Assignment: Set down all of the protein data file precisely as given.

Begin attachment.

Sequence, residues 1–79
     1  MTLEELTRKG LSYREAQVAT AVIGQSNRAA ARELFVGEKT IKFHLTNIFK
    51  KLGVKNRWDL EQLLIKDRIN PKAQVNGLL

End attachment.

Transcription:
Sequence, residues 1–79
     1  MTLEELTRKG LSYREAQVAT AVIGQSNRAA ARELFVGEKT IKFHLTNIFK
    51  KLGVKNRWDL EQLLIKDRIN PKAQVNGLL